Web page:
We’re here today because we recognize what makes this country run. It’s frontline workers. Without them, just under one third of our country’s freight would sit idle. We know the current conditions cannot continue—because without improvements to their ability to reliably spend time with family, be sick without punishment, schedule a doctor appointment, or plan a vacation, railroad workers will continue to leave this industry. And when the best of our essential workers leave, we all suffer. 

I believe it’s well past time that these workers have paid sick leave and it’s something the railroads can easily afford. 

In 2021 the seven Class I railroads could have paid for their workers to have seven days of paid sick leave by spending just 6/10 of a penny for every dollar they reported in profit and shareholder returns. These highly compensated railroad CEOs should not be opposed to paid sick days for their front-line employees—employees who are responsible for their very success.

The reality is that the robber barons are nothing without the labor of their employees, who deserve better. But recognizing that the parties are no closer to a solution today than they were three years ago, and that railroad workers make this country run, the House will consider this joint resolution to bring an end to this fight in its current form, lock in the tentative agreements that provide historic pay increases, guarantee reimbursement for work expenses, and prevent a massive disruption to our economy that would hurt millions of working people and their families.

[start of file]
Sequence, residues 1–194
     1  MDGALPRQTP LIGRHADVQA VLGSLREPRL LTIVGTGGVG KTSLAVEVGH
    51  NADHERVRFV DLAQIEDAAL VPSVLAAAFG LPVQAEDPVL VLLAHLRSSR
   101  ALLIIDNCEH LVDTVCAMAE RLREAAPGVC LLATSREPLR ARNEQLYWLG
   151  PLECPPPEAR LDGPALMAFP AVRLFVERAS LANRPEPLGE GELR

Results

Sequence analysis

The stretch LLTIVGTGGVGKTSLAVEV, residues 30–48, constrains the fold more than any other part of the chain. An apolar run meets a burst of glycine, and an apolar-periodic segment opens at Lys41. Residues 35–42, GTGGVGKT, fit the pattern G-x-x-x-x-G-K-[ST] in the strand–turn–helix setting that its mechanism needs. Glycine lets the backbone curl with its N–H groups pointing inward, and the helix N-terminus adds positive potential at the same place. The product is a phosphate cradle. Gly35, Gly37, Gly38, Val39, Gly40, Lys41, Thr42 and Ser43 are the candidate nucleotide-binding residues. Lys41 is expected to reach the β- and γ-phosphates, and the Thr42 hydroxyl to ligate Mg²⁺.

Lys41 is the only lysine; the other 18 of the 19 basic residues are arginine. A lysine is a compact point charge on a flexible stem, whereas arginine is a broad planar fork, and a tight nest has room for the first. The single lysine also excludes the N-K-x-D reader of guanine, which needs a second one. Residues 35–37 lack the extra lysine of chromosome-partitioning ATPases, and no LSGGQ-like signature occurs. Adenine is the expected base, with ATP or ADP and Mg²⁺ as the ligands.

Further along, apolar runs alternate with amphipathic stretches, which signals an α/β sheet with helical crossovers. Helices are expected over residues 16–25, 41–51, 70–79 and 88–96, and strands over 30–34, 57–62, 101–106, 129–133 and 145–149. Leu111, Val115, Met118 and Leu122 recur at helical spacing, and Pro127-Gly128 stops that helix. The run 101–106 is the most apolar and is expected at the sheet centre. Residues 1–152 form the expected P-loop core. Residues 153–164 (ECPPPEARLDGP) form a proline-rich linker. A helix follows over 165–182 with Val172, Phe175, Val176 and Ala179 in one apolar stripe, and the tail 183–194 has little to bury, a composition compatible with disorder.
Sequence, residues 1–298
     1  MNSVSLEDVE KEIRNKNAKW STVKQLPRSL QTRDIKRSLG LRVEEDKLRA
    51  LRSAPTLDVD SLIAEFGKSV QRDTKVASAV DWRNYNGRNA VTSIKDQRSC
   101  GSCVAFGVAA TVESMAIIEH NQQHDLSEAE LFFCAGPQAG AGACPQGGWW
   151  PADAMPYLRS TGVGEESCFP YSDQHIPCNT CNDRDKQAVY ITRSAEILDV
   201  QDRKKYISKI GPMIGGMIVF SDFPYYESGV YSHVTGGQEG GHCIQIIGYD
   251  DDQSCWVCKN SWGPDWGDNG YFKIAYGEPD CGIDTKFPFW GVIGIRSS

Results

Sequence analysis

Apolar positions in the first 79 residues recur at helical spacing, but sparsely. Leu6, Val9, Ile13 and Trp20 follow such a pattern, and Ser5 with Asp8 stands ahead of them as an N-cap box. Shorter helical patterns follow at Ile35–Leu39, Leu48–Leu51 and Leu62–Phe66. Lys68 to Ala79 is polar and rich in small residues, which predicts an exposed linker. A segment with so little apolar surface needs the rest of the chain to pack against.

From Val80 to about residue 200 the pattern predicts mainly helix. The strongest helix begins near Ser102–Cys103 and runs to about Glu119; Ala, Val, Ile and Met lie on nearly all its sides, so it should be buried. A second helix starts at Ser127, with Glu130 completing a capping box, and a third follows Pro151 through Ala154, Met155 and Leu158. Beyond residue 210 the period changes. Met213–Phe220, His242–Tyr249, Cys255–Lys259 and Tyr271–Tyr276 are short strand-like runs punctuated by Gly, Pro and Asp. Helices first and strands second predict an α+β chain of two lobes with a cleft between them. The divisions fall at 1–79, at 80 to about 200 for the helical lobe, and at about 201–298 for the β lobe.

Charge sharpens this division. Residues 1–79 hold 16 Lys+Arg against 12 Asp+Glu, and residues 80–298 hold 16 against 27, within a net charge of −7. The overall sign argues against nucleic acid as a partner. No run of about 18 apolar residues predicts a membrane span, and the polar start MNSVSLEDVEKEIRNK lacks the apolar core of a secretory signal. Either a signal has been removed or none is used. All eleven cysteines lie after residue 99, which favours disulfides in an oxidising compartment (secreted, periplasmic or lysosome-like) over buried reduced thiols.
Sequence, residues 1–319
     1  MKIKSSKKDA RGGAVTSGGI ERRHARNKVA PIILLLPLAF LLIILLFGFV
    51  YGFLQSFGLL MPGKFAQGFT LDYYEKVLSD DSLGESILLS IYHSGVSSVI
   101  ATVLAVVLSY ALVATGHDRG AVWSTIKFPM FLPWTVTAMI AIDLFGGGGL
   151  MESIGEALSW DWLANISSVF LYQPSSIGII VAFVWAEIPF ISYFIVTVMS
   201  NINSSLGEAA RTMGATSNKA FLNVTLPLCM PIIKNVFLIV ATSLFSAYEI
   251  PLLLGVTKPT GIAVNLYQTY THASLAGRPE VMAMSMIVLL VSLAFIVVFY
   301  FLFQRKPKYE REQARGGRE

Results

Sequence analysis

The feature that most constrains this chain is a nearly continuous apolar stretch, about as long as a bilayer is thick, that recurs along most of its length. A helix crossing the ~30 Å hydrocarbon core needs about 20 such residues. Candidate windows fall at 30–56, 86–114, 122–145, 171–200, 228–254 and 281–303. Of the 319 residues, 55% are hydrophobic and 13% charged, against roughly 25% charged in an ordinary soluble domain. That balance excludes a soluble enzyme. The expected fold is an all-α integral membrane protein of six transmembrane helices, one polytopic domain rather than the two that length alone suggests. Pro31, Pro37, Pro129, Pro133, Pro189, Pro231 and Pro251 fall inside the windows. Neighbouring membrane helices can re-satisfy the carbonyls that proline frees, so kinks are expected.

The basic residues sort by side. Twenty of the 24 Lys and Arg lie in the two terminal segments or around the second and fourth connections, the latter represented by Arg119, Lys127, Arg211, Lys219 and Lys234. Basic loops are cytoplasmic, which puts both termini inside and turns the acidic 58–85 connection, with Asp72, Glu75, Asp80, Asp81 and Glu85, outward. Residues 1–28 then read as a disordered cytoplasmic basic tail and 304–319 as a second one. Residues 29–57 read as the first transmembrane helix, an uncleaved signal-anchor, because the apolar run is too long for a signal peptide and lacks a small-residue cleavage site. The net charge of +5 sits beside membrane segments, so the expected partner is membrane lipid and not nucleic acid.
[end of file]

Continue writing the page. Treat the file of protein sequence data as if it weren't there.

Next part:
I will proudly vote to lock in the tentative agreements and provide railroaders seven paid sick days. The CEO’s can take a shift in the rail yard to cover them.
Chair Payne, Jr.: 

Thank you, Mr. Speaker.

I am honored to offer this enrollment corrections bill with my friend and colleague, Peter DeFazio, who is ironically, and responsibly, taking a sick day.  

He is at the tail end of COVID and we all appreciate his ability to stay home when he is sick.  

This bill will allow the same for railroad workers.  

It will correct what the freight railroads have refused to do during three years of contract negotiations with their workers—during a worldwide pandemic, no less—despite the railroads earning tens of billions of dollars every year. 

Railroad workers showed up every day during the rise, height, and now the steadying of the COVID pandemic.  

They risked their health, and the health of their families, to keep our nation’s freight moving.  

Railroaders cannot work remotely, some are on-call regularly, and others work outdoors year-round.

Unlike 75% of private industry workers, the more than 100,000 railroad workers do not have paid sick days. 

I should note that management at these very railroads have paid sick days.

This bill will correct this wrong by ensuring freight rail workers have 7 days of paid sick leave, along with a 60-day process to enforce the measure.  

Lest anyone think the railroads cannot afford to provide more than 100,000 employees paid sick leave–consider that the railroads are able to provide their workers with this benefit for less than a penny for every dollar they reported in profit and shareholder returns last year. Less than a penny!

Many of you know that I have Type 2 diabetes. I attend regular dialysis treatments.  

I would not be able to do my job without paid sick time.
Every American worker deserves the same allowance.    

Without paid sick time, railroad workers are forced to make a choice between their health, or the health of their families, and their paychecks. 

This isn’t fair, it isn’t right, and this bill would correct that.  
I urge all Members to support this bill, and I reserve the balance of my time.